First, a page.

“When our newest observations with ALMA surprisingly showed that it is rotating, we realised that early rotating disk galaxies are not as rare as we thought and that there should be a lot more of them out there.”
The team will continue their search for these galaxies to find out just how common cold accretion was in the early Universe.
The research has been published in Nature.
NASA’s head of human spaceflight abruptly resigns, citing ‘mistake’ – CNN
His departure was effective on Monday.
When reached by phone Tuesday evening, Loverro declined to comment on the reason for his departure.
Loverro began serving in his role as the head of NASA’s human spaceflight programs in December, replacing William Gerstenmaier, who served in the role for more than a decade. In his nearly 700-word note, Loverro told NASA workers only that leaders are “called on to take risks” and added that, “I took such a risk earlier in the year because I judged it necessary to fulfill our mission.”
“Now, over the balance of time, it is clear that I made a mistake in that choice for which I alone must bear the consequences,” Loverro wrote. “And therefore, it is with a very, very heavy heart that I write to you today to let you know that I have resigned from NASA effective May 18th, 2020.”
Ken Bowersox, NASA’s acting deputy associate administrator for human exploration and operations, will become NASA’s interim head of human spaceflight.
Loverro’s exit immediately raised some eyebrows on Capitol Hill.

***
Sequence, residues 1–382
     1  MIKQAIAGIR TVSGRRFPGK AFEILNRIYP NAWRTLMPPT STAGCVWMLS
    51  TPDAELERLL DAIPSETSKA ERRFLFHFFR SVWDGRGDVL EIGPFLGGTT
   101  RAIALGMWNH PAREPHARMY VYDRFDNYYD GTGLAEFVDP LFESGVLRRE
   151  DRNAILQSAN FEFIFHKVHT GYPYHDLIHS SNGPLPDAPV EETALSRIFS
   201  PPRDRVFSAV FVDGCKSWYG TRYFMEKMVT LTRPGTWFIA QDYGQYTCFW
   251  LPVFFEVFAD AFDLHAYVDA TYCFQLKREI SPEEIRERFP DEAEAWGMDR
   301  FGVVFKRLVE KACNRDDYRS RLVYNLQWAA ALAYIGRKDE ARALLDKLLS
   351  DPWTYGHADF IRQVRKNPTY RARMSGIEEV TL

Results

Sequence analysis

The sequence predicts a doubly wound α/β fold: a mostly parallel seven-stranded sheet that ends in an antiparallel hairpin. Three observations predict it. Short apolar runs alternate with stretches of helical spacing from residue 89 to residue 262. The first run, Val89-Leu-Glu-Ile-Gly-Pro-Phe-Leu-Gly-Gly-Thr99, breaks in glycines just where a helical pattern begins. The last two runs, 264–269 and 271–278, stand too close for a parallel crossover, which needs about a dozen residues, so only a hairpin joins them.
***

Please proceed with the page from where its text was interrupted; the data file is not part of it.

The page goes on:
Congresswoman Eddie Bernice Johnson, a Democrat from Texas who chairs the House space and science committee, said in a statement that she was “shocked” by the news.
“I trust that NASA Administrator Bridenstine will ensure that the right decision is made as to whether or not to delay the launch attempt,” Johnson said. “Beyond that, Mr. Loverro’s resignation is another troubling indication that the Artemis Moon-Mars initiative is still not on stable footing. I look forward to clarification from NASA as to the reasons for this latest personnel action.”
The timing of Loverro’s departure was related to when Jurczyk, the associate administrator, made a recommendation to NASA Administrator Jim Bridenstine, the source said. It was unrelated to next week’s Crew Dragon launch, the source added.
Jurczyk was the source selection officer for the Artemis lunar lander contract awards, according to public documents.
An agency-wide email sent on Tuesday said Loverro “hit the ground running” after his appointment in 2019 and had made “significant progress in his time at NASA.”
“His leadership of [NASA’s Human Exploration and Operations] has moved us closer to our goal of landing the first woman and the next man on the moon in 2024,” the email said. It said his resignation was effective immediately, though it did not provide details on the reason for his exit.
A NASA spokesperson declined to comment.
Loverro told CNN Business he is “100% confident” that leadership will be able to carry out the SpaceX mission. He added that he believes NASA’s ambitious human spaceflight goals are “doable.” “But,” he added, “it will take risk takers to get us there, and I hope folks who step in my shoes will continue to take risks.”